Here’s what to consider when emigrating, funding a business or studying abroad requires a large transfer.
How Europe regulates large remittances
Each country in Europe has its own gift tax — the tax your recipient pays when you gift money or property whose value is above a specified amount. Some countries exempt gifts from the burden of taxation altogether, while others consider the relationship of you to your gift beneficiary.
Here’s a general rundown of how European countries handle the gift tax.
|Country||Gift size exempt from taxation|
|Albania||No gift tax|
|Andorra||No gift tax|
|Armenia||No gift tax|
|Austria||No gift tax|
|Azerbaijan||Exempt from gift tax if received from family members|
|Belarus||Tax law provides exemption for inheritances and partial exemption for general gifts|
|Belgium||3% to 30% of the gift amount|
|Bosnia and Herzegovina||2% to 10% of the gift amount|
|Bulgaria||0.4% to 0.8% on inheritances from family members and 3.3% to 6.6% for other beneficiaries|
|Croatia||5% if gift is worth more than 50,000 HRK|
|Cyprus||No gift tax|
|Czech Republic||1% to 40% depending on degree of family relationship|
|Denmark||No gift tax|
|Estonia||No gift tax|
|Finland||€1 to €4,999|
|France||5% to 45% of gift amount, depending on degree of relationship|
|Georgia||No gift tax, though inheritance taxes depend on degree of relationship|
|Germany||Remote relatives or family typically pay higher taxes|
|Greece||Varies by relationship of gifter to giftee|
|Hungary||2% to 40% of gift amount, depending on degree of relationship|
|Iceland||Gifts for special occasions are exempt provided they’re “not of extraordinary value”|
|Ireland||Varies by relationship of gifter to giftee|
|Italy||Up to 1 million euros exempt for spouses, children and grandchildren|
|Kazakhstan||No gift tax|
|Latvia||No gift tax|
|Liechtenstein||No gift tax|
|Lithuania||€2,500 provided that gifts come from close relatives|
|Luxembourg||0% to 48% of gift amount, depending on relationship to beneficiary|
|Macedonia||2% to 5% of gift amount, depending on relationship to beneficiary|
|Malta||No gift tax|
|Moldova||No gift tax|
|Monaco||Rates vary depending on relationship to beneficiary|
|Montenegro||No gift tax|
|Netherlands||Exempt up to 4,479 euros, depending on relationship to beneficiary, or up to 22,379 euros once in a child’s lifetime|
|Norway||No gift tax|
|Poland||Rates vary by relationship of donor to donee|
|Portugal||No gift tax|
|Romania||No gift tax|
|Russia||No gift tax|
|San Marino||Up to 1 million euros exempt for spouses, children and grandchildren|
|Serbia||1.5% to 2.5%, depending on relationship to beneficiary|
|Slovakia||No gift tax|
|Slovenia||€5,000 for immediate successors|
|Spain||7.65% to 34.00%, depending on value and relationship to beneficiary|
|Sweden||No gift tax|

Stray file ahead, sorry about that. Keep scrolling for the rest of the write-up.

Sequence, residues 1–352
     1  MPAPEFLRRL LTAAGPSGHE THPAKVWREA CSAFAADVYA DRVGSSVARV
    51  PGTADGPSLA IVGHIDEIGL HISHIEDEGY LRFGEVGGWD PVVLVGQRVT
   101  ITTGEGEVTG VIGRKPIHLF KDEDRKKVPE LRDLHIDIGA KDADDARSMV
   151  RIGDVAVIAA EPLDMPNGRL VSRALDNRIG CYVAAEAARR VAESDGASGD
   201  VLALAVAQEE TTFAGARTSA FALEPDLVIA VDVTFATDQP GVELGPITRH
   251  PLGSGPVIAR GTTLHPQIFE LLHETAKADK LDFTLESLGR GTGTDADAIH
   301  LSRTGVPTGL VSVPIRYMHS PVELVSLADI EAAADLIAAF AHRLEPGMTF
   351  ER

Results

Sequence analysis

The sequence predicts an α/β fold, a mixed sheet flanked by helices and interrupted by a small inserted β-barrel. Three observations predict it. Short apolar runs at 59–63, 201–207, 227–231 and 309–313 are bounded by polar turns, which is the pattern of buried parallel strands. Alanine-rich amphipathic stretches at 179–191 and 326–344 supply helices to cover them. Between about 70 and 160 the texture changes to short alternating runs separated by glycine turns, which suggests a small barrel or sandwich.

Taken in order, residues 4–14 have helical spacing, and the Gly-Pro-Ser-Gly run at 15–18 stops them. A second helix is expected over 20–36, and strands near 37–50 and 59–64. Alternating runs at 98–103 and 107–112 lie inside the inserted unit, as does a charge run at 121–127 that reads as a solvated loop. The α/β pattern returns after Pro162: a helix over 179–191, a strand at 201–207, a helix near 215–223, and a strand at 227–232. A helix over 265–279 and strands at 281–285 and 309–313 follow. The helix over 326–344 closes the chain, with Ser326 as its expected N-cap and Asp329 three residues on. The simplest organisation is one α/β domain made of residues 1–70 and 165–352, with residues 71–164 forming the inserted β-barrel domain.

|Switzerland||No gift tax|
|Turkey||10% to 30%, depending on the gift’s value and relationship to beneficiary|
|Ukraine||No gift tax|
|United Kingdom||No gift tax|
|Vatican City||Up to 1 million euros exempt for spouses, children and grandchildren|
What are the penalties for not filing a large remittance?
Just as US citizens are required to submit annual tax returns, so too are citizens of most European countries. If your recipient fails to declare a large remittance on their tax returns, they could face stiff financial penalties and even jail time.
In a post-9/11 world, financial institutions and independent transfer specialists are required to record the source of large transfers and report suspicious deposits to the government. Encourage your family and friends in Europe to declare large gifts to avoid further trouble down the road.
Do I have to report large transfers out of the US?
Yes. The US government closely monitors transactions into and out of the country with a focus on large or otherwise suspicious transfers. If you’re sending more than $10,000, you’ll need to abide by US laws put in place to both protect your money and protect the interests of the government.
By law, banks report all cash transactions that exceed $10,000 — and any transaction of any amount that alerts their suspicions. Independent money transfer specialists are sometimes required to report at thresholds as low as $1,000.
To avoid the severe penalties (including jail time) that could come with a failure to report large sums of money out of the country, speak with a professional to guarantee that everything is above board and complies with the laws of all countries involved.
Sending a lot of money out of the country? Know what the IRS expects of you.
How will my loved ones receive my remittance in Europe?
Your many options for sending money to Europe include bank-to-bank transfers, cash pickups and transfers to mobile wallets.
If your friends or family are picking up your money in person, they may need to show government-issued ID or a transaction confirmation number to prove they’re your intended recipient. For electronic transfers, they may not need to provide any additional information.
Confirm with your bank or independent money transfer provider the exact information your friends and family might need to receive your funds.
As with all international money transfers, be wary of potential fraud and only send money to people you know. Using a reputable provider can safeguard you from potential scams.